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Technology and Thorn Are Playing a Critical Role in Addressing Child Sexual Exploitation

December 20, 2016

4 Minute Read

The following guest post was written by Ernie Allen, a recent addition to Thorn’s Board of Directors. His leadership, dedication, inspiration and ongoing work to protect children across the globe continue to push us forward.

Throughout my career I have worked closely with technology leaders. For more than three decades I have seen the power of technology firsthand and how it has changed every aspect of our lives, including the way we search for missing children, identify those who prey upon children, and keep children safe. Yet, there is a dark side. Technology also facilitates the exploitation of children. We have to change that.

The challenge of child sexual exploitation online is massive, a problem that is underreported and underappreciated.   It is a far larger problem than any of us ever imagined. Prior to the internet, someone with sexual interest in children felt isolated, alone, aberrant. Today, he is part of a global community. He is able to interact online with people of like interests worldwide. They share images, fantasies, techniques, even real children. And they do it all with virtual anonymity.

There are limits to what governments and law enforcement can do alone. But there is no limit to what governments, law enforcement and committed private sector leaders can do together. We have to catch up. We have to innovate. Technology is a central part of the challenge, but I believe that within technology the solution resides. That is why I am so enthusiastic about the work of Thorn.

I met Thorn’s remarkable CEO, Julie Cordua many years ago while I was President and CEO of the National Center for Missing & Exploited Children (NCMEC) and the International Centre for Missing & Exploited Children (ICMEC). Among other things we worked together on the creation and implementation of Project VIC, a technology tool for law enforcement forensic analysts that enables them to triage the content, identify and prioritize images and rescue child victims more quickly. That is just one example of the unique and remarkable work the organization is doing.

During the past couple of years I have had an opportunity to continue work with Julie and others at Thorn on a variety of projects. I talked with Thorn creators Ashton Kutcher and Demi Moore about their vision for the organization and learned that we shared a common conviction – if we are to maximize the overwhelmingly positive aspects of the new technologies, we have to address their unintended consequences, including their use to victimize children. And we agreed that if we failed to do that, it would jeopardize the entire global technology revolution.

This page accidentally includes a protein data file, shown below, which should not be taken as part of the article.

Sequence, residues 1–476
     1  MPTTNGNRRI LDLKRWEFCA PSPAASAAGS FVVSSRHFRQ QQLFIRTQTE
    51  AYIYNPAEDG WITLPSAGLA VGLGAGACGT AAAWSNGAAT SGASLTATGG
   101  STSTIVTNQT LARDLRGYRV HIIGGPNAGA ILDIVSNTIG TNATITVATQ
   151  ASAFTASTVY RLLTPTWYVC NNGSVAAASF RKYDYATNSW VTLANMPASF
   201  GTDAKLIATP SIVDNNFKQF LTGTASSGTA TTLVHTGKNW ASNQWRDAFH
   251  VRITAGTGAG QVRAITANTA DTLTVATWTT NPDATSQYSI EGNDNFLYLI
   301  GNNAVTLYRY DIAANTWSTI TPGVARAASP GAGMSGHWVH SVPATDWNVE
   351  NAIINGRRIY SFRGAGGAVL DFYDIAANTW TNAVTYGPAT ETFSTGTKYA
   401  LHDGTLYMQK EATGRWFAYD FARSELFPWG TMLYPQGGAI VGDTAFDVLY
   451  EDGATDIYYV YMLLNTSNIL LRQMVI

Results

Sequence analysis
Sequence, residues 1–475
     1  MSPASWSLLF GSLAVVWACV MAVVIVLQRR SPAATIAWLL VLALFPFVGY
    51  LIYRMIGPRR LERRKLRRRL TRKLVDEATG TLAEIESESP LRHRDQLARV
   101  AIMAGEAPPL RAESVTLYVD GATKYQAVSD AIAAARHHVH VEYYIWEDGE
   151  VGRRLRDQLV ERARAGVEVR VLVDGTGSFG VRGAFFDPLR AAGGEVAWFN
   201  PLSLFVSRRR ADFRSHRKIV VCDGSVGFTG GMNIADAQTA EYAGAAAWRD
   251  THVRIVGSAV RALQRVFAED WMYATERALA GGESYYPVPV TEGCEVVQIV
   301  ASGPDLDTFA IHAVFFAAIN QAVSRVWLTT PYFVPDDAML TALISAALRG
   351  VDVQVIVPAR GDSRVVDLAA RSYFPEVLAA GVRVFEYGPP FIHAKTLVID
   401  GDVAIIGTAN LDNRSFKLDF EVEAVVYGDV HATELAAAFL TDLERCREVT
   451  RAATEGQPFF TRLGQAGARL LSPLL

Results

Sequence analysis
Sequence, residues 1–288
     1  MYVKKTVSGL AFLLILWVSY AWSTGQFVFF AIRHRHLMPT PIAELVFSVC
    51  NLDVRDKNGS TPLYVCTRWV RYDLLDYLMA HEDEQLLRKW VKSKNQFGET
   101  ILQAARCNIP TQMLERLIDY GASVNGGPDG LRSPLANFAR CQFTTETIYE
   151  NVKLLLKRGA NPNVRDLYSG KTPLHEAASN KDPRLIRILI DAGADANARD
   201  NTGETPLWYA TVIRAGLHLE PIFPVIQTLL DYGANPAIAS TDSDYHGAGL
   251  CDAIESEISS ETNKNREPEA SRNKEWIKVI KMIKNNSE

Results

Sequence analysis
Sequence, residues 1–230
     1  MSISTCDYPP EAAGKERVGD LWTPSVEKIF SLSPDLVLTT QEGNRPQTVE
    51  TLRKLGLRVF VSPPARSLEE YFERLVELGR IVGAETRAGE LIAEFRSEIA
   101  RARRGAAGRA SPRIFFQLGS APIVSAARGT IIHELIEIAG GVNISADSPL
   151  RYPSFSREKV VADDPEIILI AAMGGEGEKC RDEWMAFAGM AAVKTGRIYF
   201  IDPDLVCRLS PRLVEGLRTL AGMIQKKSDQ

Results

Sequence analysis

Thorn is a unique organization. It has brought together a coalition of global technology leaders and is investing in research and bringing knowledge to the field regarding what works and what does not. Through the extraordinary Innovation Lab, hackathons and partnerships with the technology industry, Thorn is developing and testing prototypes, putting the successful tools into the hands of those who will use them, and then measuring their impact. It is entrepreneurial, taking a business-like approach to solving one of the world’s most daunting, complex challenges. Thorn is changing the way America and the world respond to the explosion of child sexual abuse images online, the migration of human trafficking from the streets to the internet, the emergence of the anonymous Dark Web, and so much more.

More than ever we need real leadership and innovation. It is clear to me that Thorn is a different kind of nonprofit, an entrepreneurial nonprofit whose focus is on innovation and real solutions. Their bold vision is one that I share. I believe that within technology we can find a way to eradicate child sexual abuse images from the internet, end human trafficking, solve the challenges of the anonymous Dark Web and much, much more. I am also convinced that Thorn’s technology partnerships will change the world and make every child safer.

Earlier this year I accepted their invitation to join the Thorn board and am enthusiastic about working with this remarkable organization.


About the author: Ernie Allen serves as an advisor to governments, law enforcement, technology companies and others on the digital economy, public-private partnerships and child protection. Appointed by UK Prime Minister David Cameron, he chairs a global initiative to combat online child abuse and exploitation for the British Government. He is a founder and the former President and CEO of the National Center for Missing & Exploited Children, and the International Centre for Missing and Exploited Children.

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